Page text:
Medical Staff
$0
Medication
$5
Supplies
$0
Labs
$9
Other
$80
  • Symptoms
  • Impact on patient's life
  • Cultural or regional significance

​What kinds of symptoms do patients experience before receiving treatment?

A mastectomy is a surgery to remove the breast or part of the breast and is usually performed to treat breast cancer. Common symptoms of breast cancer include a lump or swelling in all or part of the breast, skin irritation or dimpling, pain, discharge, redness, and thickening of the skin.

​What is the impact on patients’ lives of living with these conditions?

If breast cancer is not treated, the cancer may spread to other organs, potentially leading to early death. Untreated breast cancer can also lead to pain and infection within the breast.

What cultural or regional factors affect the treatment of these conditions?

Breast cancer is the leading cancer in women in Kenya (34 per 100,000). It has been identified as the number one killer of women aged 35-55 years. Late diagnosis is the main reason for high mortality.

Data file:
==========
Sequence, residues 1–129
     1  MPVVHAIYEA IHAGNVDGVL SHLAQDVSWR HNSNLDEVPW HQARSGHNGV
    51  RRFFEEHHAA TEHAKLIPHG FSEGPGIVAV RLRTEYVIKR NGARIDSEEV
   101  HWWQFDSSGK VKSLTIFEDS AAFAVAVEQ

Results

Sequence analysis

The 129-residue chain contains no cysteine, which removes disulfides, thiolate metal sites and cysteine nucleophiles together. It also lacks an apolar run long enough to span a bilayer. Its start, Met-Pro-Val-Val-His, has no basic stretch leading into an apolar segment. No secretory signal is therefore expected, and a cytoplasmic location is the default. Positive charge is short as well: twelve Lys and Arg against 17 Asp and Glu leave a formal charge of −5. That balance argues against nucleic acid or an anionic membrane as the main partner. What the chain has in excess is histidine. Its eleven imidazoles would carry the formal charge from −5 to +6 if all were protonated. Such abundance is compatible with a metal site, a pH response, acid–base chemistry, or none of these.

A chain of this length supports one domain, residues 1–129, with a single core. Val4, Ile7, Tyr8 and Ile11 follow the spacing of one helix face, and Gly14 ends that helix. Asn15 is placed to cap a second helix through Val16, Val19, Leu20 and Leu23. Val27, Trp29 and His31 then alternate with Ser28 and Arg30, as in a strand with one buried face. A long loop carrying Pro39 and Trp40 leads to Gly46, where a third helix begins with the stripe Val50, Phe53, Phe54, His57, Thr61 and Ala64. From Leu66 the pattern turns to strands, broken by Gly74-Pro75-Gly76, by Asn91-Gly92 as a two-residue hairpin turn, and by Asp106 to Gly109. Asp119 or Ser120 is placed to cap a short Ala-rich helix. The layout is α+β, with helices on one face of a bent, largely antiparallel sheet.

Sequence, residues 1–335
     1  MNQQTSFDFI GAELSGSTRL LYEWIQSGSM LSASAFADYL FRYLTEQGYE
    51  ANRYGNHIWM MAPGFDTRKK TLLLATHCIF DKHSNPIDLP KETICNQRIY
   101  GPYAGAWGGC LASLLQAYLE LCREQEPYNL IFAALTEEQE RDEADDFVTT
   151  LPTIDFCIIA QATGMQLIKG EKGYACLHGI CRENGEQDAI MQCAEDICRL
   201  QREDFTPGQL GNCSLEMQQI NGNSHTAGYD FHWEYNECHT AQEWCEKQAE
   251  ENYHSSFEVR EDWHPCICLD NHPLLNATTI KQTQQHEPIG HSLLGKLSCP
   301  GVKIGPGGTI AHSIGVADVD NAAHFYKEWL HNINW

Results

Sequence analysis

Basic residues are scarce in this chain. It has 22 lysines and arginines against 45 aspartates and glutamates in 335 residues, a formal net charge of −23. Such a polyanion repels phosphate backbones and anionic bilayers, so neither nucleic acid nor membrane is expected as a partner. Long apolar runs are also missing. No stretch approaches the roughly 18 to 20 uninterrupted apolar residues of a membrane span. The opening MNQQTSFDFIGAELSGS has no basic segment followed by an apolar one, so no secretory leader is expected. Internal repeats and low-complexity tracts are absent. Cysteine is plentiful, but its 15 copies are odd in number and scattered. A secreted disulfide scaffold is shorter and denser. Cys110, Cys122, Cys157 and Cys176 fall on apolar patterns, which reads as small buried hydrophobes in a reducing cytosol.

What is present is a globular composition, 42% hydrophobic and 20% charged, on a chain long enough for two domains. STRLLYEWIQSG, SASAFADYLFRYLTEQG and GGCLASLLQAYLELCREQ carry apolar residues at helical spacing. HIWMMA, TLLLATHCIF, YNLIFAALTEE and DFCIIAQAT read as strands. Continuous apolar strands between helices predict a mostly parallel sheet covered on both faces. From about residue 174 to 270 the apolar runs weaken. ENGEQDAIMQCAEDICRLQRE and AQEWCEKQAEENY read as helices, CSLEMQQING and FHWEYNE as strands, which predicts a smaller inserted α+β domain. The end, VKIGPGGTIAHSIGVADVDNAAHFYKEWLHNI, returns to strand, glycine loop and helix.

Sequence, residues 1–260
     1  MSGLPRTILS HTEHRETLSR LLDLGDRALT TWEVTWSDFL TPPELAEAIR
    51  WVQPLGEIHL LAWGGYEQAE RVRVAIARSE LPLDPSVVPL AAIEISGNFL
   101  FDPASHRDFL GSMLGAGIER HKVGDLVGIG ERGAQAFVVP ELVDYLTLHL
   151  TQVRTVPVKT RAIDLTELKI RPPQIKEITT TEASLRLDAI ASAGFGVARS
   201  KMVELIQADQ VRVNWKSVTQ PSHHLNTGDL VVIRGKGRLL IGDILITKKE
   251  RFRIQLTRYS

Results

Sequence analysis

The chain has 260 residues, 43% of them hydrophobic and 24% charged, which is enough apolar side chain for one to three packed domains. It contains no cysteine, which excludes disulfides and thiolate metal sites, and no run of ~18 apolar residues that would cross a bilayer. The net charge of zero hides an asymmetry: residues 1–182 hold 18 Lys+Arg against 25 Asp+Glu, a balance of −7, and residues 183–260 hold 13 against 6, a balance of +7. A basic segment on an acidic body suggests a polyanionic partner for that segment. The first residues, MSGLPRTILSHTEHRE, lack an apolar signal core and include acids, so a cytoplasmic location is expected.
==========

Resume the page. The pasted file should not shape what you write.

• Process
  • Impact on patient's life
  • Risks and side-effects
  • Accessibility
  • Alternatives

What does the treatment process look like?

The patient reports to the hospital, and lab work is done. The following day, the patient goes into the operating room for surgery. The patient stays in the hospital ward for three to seven days. The surgery is considered a success if the wound heals cleanly. The patient is then discharged from the hospital.

What is the impact of this treatment on the patient’s life?